'Banks seem to be finding excuses to refuse farmers'
Published 04/01/2011 | 05:00
Auctioneers have warned that the land market could be left in limbo through 2010 unless the banks were willing to provide finance for farm purchases.
Land sales bucked the property trend over the past 12 months but auctioneers warned that the market remained extremely weak.
The average cost of farmland sold under the hammer during 2010 was €8,420/ac, which was just €380/ac off the 2009 figure.
The market was certainly helped by the recovery in farm incomes. Provisional figures from the Central Statistics Office (CSO) showed that farmer incomes had increased by 46pc compared to 2009. This was driven primarily by higher milk, cereals and sheep prices.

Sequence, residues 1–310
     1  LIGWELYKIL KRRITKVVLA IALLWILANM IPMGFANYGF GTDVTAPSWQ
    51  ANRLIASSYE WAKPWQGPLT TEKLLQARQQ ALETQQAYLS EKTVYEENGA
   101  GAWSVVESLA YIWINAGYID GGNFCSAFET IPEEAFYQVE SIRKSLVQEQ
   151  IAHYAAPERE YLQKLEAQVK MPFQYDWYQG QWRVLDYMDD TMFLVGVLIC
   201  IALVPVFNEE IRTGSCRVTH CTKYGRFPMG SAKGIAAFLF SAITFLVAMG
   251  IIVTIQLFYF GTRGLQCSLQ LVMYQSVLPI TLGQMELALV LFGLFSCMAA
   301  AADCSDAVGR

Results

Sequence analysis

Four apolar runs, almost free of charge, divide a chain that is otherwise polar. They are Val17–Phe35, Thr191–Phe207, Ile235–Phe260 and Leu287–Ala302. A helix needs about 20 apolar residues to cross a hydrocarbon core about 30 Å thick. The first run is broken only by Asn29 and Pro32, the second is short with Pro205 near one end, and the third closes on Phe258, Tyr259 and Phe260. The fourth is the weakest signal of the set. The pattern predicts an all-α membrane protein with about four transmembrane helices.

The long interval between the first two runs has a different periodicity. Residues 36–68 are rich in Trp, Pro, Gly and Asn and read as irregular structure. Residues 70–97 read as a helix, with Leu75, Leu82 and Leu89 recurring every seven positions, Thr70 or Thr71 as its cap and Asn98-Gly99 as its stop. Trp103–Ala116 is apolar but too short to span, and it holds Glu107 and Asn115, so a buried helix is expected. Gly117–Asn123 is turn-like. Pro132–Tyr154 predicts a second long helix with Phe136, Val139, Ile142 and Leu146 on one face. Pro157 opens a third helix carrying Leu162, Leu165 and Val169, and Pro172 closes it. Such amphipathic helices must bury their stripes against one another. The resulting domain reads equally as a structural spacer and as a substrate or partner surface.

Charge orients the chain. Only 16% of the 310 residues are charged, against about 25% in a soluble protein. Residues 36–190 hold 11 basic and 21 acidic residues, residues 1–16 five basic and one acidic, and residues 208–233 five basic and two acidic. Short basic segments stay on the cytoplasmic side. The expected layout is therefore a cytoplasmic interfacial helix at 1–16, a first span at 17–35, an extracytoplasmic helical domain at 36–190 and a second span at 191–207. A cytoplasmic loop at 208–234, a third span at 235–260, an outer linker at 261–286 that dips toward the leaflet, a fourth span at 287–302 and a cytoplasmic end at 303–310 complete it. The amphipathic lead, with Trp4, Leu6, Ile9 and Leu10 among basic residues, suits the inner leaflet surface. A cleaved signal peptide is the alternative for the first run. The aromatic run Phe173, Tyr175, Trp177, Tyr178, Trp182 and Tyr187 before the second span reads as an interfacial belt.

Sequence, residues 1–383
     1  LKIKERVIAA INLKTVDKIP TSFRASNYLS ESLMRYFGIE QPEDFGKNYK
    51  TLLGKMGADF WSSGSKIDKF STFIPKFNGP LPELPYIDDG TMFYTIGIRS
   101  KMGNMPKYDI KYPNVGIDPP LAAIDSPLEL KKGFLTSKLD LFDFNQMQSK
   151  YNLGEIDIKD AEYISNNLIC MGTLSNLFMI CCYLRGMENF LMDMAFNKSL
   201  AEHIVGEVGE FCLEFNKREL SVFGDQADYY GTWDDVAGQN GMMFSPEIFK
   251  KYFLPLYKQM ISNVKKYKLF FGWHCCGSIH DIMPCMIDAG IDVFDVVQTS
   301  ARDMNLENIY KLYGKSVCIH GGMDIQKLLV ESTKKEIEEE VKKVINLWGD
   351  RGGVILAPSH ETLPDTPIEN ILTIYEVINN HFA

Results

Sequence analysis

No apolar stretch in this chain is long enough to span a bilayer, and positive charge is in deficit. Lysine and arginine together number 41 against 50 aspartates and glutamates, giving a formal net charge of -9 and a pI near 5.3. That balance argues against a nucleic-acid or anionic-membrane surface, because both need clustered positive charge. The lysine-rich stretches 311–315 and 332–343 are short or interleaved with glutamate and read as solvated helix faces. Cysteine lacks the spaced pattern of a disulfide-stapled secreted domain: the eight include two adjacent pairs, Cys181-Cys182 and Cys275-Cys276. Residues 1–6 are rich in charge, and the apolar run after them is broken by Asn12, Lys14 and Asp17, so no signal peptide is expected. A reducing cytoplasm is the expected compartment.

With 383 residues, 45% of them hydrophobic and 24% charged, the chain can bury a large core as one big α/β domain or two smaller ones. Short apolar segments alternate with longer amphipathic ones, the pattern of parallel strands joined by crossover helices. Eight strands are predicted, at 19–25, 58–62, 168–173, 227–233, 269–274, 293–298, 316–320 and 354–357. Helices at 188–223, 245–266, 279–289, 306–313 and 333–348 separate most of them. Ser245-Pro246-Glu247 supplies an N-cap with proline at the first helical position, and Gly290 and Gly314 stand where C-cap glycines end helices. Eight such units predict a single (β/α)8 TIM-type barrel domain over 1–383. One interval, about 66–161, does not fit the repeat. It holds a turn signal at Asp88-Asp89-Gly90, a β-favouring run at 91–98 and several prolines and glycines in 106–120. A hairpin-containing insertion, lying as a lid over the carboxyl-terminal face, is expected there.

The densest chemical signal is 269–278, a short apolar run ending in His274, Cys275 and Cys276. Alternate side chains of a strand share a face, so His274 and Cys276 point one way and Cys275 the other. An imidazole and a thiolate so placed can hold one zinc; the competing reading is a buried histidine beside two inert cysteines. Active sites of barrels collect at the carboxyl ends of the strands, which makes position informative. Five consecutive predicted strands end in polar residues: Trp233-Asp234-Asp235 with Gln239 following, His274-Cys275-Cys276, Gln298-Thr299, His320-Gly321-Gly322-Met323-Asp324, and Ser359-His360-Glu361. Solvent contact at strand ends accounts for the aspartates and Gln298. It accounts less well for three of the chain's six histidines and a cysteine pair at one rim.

Even so, auctioneers pointed out that the land market had weakened through the second half of 2010 as the economic uncertainty deepened.
One of the major concerns voiced by estate agents was the absence of credit. Auctioneers maintained that tighter rules had resulted in farmers being refused loans for land pur- chases and this was strangling the market.
"Farmers just can't seem to satisfy the banks' needs. The banks seem to be finding every sort of an excuse to refuse loans," Roscommon auctioneer John Earley maintained.
This view was supported by Mullingar auctioneer Paul Murtagh. He said farmers were annoyed and frustrated by the attitude of the banks and their refusal to provide finance.